A law banning some second-trimester abortions in Kentucky has been temporarily blocked after abortion activists took legal action.
Governor Matt Bevin recently signed a law which banned a common abortion procedure known as ‘dilation and evacuation’, described as “barbaric and inhumane”.
The law was challenged by the American Civil Liberties Union (ACLU), which sued Kentucky on the grounds that it would block access to abortion in the state.
The Governor’s Communications Director Elizabeth Kuhn said ACLU’s challenge was “disturbing” as the new law served to protect the unborn from a “gruesome practice”.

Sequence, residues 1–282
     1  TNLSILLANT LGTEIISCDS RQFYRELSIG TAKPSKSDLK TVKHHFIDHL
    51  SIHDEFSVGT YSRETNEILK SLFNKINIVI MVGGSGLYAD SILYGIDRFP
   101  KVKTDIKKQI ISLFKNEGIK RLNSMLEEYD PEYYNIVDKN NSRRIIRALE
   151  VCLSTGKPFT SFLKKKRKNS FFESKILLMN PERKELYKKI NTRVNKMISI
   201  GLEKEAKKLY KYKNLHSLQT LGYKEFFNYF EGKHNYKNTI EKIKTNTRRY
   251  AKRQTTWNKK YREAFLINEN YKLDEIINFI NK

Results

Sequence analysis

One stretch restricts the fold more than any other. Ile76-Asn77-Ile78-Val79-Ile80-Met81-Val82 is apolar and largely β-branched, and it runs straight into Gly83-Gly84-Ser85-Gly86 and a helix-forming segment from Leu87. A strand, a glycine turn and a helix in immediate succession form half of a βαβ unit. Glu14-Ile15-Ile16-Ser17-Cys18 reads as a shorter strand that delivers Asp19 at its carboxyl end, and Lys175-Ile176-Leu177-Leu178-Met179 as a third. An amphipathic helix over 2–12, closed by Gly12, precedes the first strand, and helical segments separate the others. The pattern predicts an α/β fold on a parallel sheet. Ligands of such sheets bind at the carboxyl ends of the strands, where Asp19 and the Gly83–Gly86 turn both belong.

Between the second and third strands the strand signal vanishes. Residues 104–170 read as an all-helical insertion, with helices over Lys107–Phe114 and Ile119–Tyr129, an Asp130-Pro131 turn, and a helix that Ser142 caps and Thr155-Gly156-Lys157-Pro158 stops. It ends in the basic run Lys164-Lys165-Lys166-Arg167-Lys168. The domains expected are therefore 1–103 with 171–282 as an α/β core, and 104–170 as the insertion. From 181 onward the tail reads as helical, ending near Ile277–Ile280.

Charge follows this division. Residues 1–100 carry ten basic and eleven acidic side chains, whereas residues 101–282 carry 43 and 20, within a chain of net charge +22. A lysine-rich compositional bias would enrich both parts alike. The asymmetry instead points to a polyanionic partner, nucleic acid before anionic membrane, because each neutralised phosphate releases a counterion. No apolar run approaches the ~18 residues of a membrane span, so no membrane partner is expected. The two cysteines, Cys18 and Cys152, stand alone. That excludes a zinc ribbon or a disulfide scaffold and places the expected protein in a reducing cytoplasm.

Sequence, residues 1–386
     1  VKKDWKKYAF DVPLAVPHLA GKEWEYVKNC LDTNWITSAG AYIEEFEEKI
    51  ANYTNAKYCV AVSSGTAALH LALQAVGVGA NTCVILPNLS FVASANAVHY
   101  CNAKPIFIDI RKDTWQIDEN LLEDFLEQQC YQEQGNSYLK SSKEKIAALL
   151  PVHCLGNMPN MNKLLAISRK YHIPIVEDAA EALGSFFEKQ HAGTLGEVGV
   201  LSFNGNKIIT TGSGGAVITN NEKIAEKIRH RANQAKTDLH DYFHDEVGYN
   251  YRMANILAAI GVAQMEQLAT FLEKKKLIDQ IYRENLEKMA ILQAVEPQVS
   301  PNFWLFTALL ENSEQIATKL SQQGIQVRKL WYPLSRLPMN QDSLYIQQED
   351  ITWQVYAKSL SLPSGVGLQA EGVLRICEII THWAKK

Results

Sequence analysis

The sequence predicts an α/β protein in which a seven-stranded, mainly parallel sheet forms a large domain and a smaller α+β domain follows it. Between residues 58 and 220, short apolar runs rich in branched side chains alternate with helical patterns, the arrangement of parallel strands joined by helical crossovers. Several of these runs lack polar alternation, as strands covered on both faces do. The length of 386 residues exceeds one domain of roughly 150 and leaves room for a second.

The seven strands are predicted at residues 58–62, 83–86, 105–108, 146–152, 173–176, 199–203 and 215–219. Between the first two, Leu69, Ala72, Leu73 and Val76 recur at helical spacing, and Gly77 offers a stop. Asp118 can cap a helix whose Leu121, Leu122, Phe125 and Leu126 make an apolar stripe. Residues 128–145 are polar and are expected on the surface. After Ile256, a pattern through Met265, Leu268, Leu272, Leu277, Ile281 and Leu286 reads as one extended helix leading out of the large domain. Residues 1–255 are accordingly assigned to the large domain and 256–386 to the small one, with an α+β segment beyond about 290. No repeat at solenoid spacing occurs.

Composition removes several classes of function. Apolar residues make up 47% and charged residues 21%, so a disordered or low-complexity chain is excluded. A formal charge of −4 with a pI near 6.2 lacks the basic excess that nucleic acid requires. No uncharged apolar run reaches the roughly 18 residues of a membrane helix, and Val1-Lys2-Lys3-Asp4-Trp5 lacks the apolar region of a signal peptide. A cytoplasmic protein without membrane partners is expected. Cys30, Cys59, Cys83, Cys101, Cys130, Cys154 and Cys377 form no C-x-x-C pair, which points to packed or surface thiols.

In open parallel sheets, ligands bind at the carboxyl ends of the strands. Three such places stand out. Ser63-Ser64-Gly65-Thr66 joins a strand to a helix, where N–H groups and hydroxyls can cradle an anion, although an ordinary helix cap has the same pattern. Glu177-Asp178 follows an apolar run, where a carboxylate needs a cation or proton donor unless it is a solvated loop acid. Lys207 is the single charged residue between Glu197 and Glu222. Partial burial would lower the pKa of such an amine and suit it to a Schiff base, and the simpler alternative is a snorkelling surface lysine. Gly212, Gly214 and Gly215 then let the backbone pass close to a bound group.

ACLU argued that the law would ban almost all abortions after twelve weeks in the state.
Abortion providers violating the law would face up to five years in prison.
Steve Pitt, an attorney representing the state, said the case needed to be decided quickly to “stop this horrific and barbaric practice”.
The ACLU claims the procedure is ‘safe’ and that the ban “disregards a woman’s health”, but the procedure carries a number of serious side effects.
A woman may experience severe pain, infection, fever, severe bleeding, sudden abdominal swelling or increased heart rate, lengthy spells of vomiting, and feelings of guilt, grief and sadness.
Last year, Governor Bevin signed another pro-life law which banned all abortions after 20 weeks, except where the mother’s life is in danger.